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August 31, 2018

Loadshedding to haunt overloaded transmission system till Dec


August 31, 2018

ISLAMABAD: Electricity load shedding would continue to haunt the residents of Pakistan at least until December because the existing transmission and distribution network lacks the capacity to carry more than 19,500 MW, against a peak demand of over 23,837 MW registered during August, a top Power Division official warned.

“We have electricity in abundance, but the transmission and distribution system is not strong enough to carry a load of more than 19500 MW. This is the main reason why the public is still suffering from the menace of load shedding. The Power Division has sensitized Prime Minister Imran Khan and the members of the ECC (Economic Coordination Committee of the federal cabinet) about the systemic constraints,” the senior official told The News.

The new government is on track to take vital decisions in about two weeks on the issues facing the power sector. The authorities have asked the National Electric Power Regulatory Authority (NEPRA) officials to attend the next ECC meeting on Monday to give their input on resolving the problems which have created a record circular debt of Rs1,188 billion.

The Power Division official said that the participants of the ECC meeting held on Wednesday were told that the NEPRA determines consumer tariffs on the basis of assumed 100 percent bill recovery, whereas the recovery of electricity bills stood at 92.69 percent in December 2017.

It has since plummeted to 87.20 percent. In the last five years, the system has been deprived of Rs205 billion by the non-payment of electricity bills.

To ensure that the circular debt becomes a thing of the past, the Power Division wants the electricity tariff to be determined on the basis of the factual recovery of electricity bills. It has proposed that the government should pay a subsidy to make up the difference between 100 percent bill payment and actual recoveries.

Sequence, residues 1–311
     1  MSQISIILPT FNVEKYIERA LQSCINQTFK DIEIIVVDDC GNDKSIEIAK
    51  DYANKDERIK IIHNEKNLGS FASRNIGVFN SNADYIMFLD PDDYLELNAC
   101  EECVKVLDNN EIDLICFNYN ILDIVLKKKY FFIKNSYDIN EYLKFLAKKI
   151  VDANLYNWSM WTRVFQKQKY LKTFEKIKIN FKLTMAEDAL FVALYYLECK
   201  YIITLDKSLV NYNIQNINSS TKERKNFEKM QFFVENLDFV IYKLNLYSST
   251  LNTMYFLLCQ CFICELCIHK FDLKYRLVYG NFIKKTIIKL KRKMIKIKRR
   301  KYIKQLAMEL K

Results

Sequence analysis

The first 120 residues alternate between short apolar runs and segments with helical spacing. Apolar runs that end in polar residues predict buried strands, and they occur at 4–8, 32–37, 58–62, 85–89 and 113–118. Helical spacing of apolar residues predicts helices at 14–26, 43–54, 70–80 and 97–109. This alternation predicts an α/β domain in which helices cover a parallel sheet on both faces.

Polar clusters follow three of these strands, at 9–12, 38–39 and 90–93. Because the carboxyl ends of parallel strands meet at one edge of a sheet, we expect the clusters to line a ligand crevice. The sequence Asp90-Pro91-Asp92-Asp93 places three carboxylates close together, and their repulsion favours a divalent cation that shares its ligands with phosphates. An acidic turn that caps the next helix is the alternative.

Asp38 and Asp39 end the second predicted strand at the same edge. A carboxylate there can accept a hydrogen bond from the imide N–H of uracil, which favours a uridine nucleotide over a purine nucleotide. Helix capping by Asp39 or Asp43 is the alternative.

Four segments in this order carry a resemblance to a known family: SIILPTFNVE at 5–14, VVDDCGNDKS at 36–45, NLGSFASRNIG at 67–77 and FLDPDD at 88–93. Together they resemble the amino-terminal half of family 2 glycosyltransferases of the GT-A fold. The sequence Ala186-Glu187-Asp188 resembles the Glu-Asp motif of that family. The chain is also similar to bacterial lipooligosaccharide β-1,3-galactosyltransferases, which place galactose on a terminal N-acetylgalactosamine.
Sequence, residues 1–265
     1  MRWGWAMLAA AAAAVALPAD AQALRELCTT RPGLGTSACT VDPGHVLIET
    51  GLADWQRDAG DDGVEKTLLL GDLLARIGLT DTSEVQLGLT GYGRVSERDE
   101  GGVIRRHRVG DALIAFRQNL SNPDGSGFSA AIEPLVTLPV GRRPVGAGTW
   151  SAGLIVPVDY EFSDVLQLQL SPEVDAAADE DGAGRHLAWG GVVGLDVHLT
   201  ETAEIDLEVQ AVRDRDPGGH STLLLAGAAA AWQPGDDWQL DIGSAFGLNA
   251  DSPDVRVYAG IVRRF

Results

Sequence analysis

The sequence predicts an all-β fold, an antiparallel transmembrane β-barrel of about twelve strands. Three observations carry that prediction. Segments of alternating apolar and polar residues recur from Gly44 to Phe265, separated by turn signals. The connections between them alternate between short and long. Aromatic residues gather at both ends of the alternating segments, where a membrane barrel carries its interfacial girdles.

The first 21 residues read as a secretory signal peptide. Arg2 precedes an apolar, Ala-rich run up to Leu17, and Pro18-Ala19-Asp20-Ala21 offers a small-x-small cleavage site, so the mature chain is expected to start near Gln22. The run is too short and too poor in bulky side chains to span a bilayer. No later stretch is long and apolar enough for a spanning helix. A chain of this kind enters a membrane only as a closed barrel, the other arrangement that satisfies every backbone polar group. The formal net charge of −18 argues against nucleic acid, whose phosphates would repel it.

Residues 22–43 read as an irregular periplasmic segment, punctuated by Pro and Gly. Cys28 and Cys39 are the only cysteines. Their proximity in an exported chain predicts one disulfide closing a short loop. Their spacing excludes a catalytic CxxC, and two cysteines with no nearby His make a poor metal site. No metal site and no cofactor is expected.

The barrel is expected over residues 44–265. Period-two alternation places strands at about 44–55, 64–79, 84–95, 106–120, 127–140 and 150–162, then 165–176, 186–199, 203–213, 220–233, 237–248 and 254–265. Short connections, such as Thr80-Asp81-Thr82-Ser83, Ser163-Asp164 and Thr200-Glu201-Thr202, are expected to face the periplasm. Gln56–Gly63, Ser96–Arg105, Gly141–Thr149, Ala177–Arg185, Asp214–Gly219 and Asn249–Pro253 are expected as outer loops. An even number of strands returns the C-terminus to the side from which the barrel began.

The Power Division official said that the ECC was told that non-payment of power bills in the newly merged tribal districts of Khyber Pakhtunkhwa and Azad Kashmir, as for tube wells in Balochistan, has contributed to the record level of circular debt. Karachi Electric also owes Rs86.26 billion to the power sector.

The official said that the Power Division has informed the ECC participants that NEPRA has included systemic losses of 16.3 percent in its recommended tariff, whereas the system accrued losses amounting to 18.3 percent. The 2 percent differential absorbed by the power sector has piled up to Rs202 billion. “We want the regulator to include the 18.3 percent losses in the tariff to ensure that the circular debt would never arise again,” the Power Division official said.

The ECC has also been informed that the NEPRA decides the tariff on a yearly basis, instead of every quarter. The delay multiplies the fiscal problems of the power sector. Because of the delay in tariff determination, the power sector cannot increase its tariff on time and has borrow to pay for its operations. “This is how power sector entangles itself in debt servicing,” the official said.

The Power Division official said that the National Transmission Dispatch Company (NTDC) has been tasked with upgrading its dilapidated transmission and distribution system by December. By fixing 31 identified systemic constraints, it would increase load capacity up to 22,000MW, although the peak demand in August stood at 23,837MW.

Electricity demand would tumble in the forthcoming winter season, so there would be no more load shedding by December, assuming that the transmission system is upgraded on schedule.

However, the more electricity is generated and consumed, the greater the increase in circular debt, the Power Division official cautioned.

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